Protect your community—Restrict the sale of combination pseudoephedrine products
July 28, 2009
The RCMP and Edmonton City Police have alerted ACP that large quantities of Claritin Allergy + Sinus (regular and extra strength) and Actifed (regular and "plus") have recently been purchased from Edmonton and Calgary pharmacies by individuals. The quantities sold are far greater than what could reasonably be for personal use, thus it is suspected that they are being used as precursors to produce illicit substances such as methamphetamine.
For the safety of our communities, review your pharmacy’s policies and procedures for the storage and sale of combination pseudoephedrine products. If not already in place, consider implementing the following strategies:
- Place all combination pseudoephedrine products (note that this may also include "store" brands) within the pharmacists’ view from the pharmacy and treat them as if they were Schedule 3 drugs.
- If you operate a lock and leave pharmacy, remove combination pseudoephedrine products from self-selection areas when your pharmacy is closed.
- Limit the package sizes and quantities of these products available for self selection.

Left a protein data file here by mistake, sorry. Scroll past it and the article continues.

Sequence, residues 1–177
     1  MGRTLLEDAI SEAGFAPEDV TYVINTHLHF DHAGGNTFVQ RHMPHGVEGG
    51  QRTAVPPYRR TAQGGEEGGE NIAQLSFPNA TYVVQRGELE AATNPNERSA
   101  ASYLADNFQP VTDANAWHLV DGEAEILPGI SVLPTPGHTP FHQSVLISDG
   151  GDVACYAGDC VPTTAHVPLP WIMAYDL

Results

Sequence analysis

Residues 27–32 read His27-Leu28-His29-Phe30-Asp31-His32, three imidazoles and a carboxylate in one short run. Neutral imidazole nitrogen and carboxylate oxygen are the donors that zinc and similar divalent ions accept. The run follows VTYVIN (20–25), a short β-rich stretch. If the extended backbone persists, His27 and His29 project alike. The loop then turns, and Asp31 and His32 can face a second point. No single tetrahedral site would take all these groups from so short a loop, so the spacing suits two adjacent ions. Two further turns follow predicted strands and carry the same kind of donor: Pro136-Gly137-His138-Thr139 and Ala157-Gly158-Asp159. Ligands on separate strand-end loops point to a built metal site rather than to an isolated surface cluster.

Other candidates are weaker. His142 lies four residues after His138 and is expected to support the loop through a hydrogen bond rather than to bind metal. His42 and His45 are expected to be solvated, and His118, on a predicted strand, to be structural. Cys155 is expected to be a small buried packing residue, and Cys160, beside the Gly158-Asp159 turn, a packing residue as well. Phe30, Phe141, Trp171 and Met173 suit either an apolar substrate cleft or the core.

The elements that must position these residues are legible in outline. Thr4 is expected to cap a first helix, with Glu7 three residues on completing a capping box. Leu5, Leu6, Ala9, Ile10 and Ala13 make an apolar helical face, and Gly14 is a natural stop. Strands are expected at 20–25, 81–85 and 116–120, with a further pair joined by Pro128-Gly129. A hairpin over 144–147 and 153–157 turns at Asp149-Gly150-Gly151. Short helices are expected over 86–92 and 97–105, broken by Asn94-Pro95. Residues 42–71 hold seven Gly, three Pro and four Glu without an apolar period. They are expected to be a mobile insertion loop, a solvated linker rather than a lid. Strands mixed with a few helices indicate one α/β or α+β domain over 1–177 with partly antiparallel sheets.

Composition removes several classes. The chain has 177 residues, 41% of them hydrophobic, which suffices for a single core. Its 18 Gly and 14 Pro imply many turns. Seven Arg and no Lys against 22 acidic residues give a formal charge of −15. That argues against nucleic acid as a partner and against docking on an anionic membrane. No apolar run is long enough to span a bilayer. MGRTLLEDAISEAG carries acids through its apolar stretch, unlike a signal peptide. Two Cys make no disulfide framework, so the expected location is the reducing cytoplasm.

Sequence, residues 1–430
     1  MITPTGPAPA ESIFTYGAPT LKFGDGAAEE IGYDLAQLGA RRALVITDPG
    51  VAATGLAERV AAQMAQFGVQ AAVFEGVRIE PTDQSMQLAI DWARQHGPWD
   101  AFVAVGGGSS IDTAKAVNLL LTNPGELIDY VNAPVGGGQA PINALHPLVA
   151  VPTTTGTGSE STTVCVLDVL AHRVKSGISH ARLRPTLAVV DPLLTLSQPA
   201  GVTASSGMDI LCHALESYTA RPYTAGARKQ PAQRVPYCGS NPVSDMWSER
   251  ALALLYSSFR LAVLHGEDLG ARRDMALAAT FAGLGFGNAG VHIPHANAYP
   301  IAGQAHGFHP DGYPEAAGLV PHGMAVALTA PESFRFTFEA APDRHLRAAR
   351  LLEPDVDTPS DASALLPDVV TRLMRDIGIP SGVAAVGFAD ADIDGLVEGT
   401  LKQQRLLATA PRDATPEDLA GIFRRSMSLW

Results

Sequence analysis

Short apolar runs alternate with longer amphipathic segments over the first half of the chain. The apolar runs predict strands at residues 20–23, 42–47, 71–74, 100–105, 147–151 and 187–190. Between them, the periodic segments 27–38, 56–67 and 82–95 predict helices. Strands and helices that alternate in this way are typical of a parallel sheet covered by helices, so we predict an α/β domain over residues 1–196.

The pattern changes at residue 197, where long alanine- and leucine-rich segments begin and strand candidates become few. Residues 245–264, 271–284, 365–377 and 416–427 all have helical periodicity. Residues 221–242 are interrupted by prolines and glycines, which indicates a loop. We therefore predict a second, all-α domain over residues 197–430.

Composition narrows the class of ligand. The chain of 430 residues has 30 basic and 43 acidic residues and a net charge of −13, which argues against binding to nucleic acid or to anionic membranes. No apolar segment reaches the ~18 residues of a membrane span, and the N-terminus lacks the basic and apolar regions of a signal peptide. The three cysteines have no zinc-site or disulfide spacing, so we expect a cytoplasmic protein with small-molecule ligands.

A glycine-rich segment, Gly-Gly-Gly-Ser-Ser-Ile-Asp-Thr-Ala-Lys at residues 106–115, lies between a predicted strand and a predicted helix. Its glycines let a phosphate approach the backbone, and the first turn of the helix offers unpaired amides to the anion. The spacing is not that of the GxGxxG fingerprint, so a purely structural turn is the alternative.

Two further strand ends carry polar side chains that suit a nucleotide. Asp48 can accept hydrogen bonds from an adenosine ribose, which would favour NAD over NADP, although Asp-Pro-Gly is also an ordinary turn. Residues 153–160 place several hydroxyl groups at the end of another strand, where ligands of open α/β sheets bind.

- Educate all staff about the potential for abuse of these products. Tell them how to handle suspicious transactions (e.g., refer the customer to the pharmacist, do not antagonize the customer, always ensure their own safety).
- Introduce policies and procedures to limit the quantities that may be sold to any individual (e.g., "flags" within your point of sale system to alert cashiers when referral to a pharmacist is prudent).
- Report suspicious purchases to:
B.A. McIntosh (Cpl.)
Provincial Chemical Diversion Coordinator K Division Drug Enforcement
(780) 412-5542 - desk
(780) 412-5579 - fax
- Become aware of trends within your community that may require elevated levels of diligence by you and your staff.
While the National Drug Scheduling Advisory Committee (NDSAC) and ACP recommended that combination pseudoephedrine products be placed in Schedule 3, our provincial government did not amend the provincial Scheduled Drugs Regulation accordingly. ACP brought these new trends to the attention of Alberta Health and Wellness, and encouraged amendments the Scheduled Drugs Regulation for combination pseudoephedrine products.
AADAC, Beyond the ABCs – Amphetamines - http://www.aadac.com/87_419.asp
An overview of the chemistry, effects, and pharmacokinetics of amphetamines
Meth Watch program – www.methwatch.ca
Participating retailers strategically post Meth Watch signs on their store fronts. Using a specially developed web-learning portal, they train their employees to recognize suspicious transactions, without confronting or identifying the customer, and to contact law enforcement when these take place.
Originally published in the July 28, 2009, issue of The Link
Retailers participating in the Meth Watch program report safer stores, better customer relations, increased employee awareness, and improved communications with law enforcement. Many stores have experienced a decrease in loss from theft that is directly related to their participation in Meth Watch.